My Art 30 students have finished their paintings with narratives about water. The UV light has worked better than expected, with students frequently coming up to myself or Ms. Moe and asking us to take a look at their artworks. Today their paintings were installed in the Warman High hallway along with UV lights so viewers can explore the various layers of their paintings. They will be up for a couple weeks, and all are invited to come check out their exhibition. Ms. Lebiszczak's class came by after my art students had critiqued it and I heard comments like "These are beautiful" and "I wish school wasn't always so academic so that we could learn about subjects this way".
Water Narratives: An Art 30 & Environmental Science 20 Collaboration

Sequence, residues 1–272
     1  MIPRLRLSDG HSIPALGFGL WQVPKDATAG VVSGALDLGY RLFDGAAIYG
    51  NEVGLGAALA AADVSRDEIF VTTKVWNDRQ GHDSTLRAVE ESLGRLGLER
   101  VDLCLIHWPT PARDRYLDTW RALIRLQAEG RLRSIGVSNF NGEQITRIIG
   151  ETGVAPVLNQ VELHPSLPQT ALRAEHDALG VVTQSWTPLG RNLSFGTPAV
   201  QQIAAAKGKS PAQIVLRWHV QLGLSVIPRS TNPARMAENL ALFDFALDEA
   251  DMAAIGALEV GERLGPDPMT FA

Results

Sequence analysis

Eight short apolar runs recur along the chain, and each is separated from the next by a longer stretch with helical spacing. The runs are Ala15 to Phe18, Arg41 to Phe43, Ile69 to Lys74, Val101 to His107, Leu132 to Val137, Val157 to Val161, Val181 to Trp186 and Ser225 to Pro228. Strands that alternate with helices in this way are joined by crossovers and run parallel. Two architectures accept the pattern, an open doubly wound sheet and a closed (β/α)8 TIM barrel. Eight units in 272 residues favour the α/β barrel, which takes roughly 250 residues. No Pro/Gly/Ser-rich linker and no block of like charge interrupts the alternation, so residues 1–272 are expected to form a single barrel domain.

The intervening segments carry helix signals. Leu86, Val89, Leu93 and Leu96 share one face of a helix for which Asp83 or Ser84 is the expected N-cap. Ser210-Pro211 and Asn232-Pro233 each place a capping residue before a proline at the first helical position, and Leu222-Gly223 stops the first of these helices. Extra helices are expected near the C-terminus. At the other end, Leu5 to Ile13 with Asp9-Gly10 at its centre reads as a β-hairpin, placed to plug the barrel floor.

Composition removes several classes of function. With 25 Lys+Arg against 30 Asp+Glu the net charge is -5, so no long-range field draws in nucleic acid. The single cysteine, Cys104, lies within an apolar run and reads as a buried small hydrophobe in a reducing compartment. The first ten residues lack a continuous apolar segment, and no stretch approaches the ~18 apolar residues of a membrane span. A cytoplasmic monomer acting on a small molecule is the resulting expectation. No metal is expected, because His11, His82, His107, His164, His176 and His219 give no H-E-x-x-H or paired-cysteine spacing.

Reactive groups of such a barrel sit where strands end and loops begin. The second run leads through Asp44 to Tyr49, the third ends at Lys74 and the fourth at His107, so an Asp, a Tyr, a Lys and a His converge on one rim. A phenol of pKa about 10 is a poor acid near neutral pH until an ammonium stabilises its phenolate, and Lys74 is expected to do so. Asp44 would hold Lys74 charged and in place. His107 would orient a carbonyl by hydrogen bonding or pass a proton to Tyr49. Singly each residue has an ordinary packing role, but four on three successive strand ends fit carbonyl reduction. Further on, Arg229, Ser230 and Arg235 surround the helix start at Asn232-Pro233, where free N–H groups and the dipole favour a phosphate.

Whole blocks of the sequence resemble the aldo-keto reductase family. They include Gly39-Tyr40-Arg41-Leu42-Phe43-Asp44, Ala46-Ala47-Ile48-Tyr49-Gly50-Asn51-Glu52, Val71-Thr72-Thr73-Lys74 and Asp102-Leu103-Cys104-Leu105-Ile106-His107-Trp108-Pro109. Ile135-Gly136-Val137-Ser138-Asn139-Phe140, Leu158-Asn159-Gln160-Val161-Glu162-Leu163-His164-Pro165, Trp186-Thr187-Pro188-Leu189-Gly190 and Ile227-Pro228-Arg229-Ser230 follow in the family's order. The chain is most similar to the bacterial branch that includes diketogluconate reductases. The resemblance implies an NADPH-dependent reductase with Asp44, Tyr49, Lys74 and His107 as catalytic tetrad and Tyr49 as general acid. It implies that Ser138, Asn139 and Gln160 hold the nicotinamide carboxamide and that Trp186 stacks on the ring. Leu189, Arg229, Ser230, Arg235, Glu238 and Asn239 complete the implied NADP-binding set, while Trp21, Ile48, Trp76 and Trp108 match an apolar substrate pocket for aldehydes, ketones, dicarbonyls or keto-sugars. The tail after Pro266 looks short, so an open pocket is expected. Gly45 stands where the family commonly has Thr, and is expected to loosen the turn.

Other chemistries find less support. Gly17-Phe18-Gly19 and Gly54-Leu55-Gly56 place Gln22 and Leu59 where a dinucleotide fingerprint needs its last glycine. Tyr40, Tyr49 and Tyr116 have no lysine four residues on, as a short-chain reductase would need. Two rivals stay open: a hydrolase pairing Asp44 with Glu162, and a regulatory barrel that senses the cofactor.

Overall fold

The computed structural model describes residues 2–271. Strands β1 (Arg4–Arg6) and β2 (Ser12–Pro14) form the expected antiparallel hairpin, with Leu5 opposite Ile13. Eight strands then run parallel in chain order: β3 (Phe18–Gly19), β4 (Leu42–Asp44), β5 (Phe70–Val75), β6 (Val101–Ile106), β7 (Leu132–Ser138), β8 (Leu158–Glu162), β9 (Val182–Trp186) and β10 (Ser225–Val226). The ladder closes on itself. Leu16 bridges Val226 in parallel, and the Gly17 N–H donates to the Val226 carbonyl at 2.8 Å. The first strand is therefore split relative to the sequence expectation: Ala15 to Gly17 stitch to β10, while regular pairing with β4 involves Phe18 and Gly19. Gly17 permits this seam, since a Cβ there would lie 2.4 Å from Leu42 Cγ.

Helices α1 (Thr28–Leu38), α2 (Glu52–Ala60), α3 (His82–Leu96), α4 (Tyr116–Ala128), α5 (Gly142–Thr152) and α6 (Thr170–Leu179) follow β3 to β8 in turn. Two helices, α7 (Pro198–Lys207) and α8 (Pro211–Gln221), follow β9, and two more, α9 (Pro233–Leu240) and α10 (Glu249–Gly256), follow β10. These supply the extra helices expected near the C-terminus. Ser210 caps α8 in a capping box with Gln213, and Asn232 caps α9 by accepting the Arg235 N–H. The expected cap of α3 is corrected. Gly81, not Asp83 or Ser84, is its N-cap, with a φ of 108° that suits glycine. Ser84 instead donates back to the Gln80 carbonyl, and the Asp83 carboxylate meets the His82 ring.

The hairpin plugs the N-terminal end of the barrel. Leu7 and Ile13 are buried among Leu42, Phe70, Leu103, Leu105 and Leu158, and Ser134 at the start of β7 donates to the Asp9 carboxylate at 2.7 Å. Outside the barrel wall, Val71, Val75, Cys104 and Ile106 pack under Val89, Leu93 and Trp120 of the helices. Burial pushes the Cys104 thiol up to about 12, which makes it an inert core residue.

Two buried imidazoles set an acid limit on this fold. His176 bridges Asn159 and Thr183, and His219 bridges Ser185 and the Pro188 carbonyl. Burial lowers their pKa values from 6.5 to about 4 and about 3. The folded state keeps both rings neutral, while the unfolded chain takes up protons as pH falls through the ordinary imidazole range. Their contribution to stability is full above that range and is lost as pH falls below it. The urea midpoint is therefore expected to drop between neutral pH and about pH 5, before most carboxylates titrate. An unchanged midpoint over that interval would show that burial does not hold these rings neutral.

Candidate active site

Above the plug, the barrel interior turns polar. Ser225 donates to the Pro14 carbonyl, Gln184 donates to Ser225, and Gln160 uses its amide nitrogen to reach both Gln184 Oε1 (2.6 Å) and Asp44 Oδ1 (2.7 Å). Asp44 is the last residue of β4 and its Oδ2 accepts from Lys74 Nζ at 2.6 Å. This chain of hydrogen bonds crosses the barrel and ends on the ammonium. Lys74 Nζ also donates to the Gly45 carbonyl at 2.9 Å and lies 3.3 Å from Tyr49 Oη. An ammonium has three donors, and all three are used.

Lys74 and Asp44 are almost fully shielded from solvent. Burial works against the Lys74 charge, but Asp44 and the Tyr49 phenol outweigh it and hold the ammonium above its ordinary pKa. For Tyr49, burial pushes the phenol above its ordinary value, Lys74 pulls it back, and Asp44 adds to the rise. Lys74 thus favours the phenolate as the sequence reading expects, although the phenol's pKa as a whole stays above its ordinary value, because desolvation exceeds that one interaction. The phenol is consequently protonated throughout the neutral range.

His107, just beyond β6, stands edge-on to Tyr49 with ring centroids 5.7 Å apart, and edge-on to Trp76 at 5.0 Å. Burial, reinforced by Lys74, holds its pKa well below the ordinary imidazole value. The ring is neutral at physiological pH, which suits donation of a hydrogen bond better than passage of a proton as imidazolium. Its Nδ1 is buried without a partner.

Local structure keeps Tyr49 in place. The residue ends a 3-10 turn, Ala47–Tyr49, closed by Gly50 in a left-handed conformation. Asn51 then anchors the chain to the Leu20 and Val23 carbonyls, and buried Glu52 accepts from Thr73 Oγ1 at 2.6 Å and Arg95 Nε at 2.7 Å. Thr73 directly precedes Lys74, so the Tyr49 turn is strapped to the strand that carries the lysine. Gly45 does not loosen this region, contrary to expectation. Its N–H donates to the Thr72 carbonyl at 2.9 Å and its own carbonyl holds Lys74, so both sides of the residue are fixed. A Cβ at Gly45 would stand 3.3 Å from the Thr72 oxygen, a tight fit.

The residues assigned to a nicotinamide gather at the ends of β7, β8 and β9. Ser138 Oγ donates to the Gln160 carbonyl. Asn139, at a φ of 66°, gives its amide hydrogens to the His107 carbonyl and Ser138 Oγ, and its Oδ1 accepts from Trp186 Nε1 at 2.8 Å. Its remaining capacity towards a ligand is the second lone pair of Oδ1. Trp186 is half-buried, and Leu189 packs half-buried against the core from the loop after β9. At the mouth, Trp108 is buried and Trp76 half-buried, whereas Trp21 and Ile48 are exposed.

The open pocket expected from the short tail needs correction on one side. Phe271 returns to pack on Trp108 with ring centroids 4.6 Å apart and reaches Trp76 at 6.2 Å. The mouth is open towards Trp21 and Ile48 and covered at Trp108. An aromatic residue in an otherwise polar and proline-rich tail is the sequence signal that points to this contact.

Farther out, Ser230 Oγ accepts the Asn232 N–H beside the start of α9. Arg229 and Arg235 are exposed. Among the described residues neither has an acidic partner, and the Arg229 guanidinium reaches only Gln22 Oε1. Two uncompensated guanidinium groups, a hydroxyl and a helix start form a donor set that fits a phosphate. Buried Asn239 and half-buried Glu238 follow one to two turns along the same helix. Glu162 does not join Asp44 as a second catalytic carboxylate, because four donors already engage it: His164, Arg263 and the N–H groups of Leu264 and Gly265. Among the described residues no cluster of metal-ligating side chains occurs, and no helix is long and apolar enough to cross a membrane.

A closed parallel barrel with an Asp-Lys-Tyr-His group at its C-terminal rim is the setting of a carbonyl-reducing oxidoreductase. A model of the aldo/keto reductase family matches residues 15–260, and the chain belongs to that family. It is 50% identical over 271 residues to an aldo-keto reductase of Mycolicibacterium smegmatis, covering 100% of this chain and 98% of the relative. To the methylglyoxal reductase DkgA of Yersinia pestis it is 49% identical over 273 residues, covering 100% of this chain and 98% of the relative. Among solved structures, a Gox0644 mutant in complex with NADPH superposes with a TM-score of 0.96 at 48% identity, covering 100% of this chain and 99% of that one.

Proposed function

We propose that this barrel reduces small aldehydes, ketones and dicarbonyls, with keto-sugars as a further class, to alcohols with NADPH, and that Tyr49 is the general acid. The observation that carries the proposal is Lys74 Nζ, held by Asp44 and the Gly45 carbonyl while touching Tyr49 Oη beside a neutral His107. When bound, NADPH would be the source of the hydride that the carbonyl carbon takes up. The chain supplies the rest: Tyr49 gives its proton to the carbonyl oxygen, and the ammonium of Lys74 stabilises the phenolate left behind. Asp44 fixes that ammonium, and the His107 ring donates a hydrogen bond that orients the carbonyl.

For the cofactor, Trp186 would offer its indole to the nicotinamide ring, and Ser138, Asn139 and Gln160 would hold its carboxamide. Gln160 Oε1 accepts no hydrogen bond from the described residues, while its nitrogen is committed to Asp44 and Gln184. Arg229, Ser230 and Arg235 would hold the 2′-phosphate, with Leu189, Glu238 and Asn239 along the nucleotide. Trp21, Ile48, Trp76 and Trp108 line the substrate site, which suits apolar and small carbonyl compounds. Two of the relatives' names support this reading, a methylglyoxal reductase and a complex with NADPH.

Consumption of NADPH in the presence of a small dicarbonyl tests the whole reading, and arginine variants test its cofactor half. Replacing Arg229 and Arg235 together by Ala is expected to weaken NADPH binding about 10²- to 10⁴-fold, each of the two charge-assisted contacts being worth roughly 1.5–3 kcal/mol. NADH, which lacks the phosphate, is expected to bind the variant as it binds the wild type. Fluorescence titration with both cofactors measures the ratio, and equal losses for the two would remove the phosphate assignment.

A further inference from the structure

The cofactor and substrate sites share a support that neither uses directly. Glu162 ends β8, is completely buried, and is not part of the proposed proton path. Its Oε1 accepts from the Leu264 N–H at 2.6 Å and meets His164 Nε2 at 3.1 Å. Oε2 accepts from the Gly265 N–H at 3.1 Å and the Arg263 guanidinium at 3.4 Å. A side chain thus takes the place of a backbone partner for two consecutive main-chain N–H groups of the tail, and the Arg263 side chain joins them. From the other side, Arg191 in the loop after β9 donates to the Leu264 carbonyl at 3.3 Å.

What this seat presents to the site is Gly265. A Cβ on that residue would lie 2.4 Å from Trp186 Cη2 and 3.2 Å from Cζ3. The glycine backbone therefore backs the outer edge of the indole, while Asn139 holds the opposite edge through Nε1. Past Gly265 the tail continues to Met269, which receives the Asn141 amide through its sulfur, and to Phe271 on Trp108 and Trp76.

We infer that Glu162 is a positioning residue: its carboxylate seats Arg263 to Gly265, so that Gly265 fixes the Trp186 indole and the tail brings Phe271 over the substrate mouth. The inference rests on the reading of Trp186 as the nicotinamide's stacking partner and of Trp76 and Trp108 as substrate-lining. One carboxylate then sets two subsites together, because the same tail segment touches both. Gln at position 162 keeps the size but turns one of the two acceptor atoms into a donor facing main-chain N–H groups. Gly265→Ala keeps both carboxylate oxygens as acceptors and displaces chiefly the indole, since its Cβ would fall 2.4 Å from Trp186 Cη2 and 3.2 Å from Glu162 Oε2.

“For many of us, clean water is so plentiful and readily available that we rarely, if ever, pause to consider what life would be like without it.” - Marcus Samuelsson
Water is essential to life as we know it; indeed, the human body is constructed of 60% water. There is a limited amount of clean water on earth and human beings do not have equal access to it.
This project was a collaboration between Ms. Lebiszczak's Environmental Science 20 class and Ms. Gerrard's Art 30 class. Warman High School received 2 water testing kits from the Safe Drinking Water Foundation (SDWF) this fall. SDWF is an organization "which was founded in 1997 by five international scientists (from Canada, Russia, Scotland and Japan) in order to assist rural communities in developing countries with their water treatment issues. However, it was soon discovered that there are many issues in terms of drinking water quality right here in Canada, primarily in rural and First Nations communities, so SDWF focused on those issues. SDWF became a registered Canadian charity in January 1998" (Hancock, 2018, personal communication).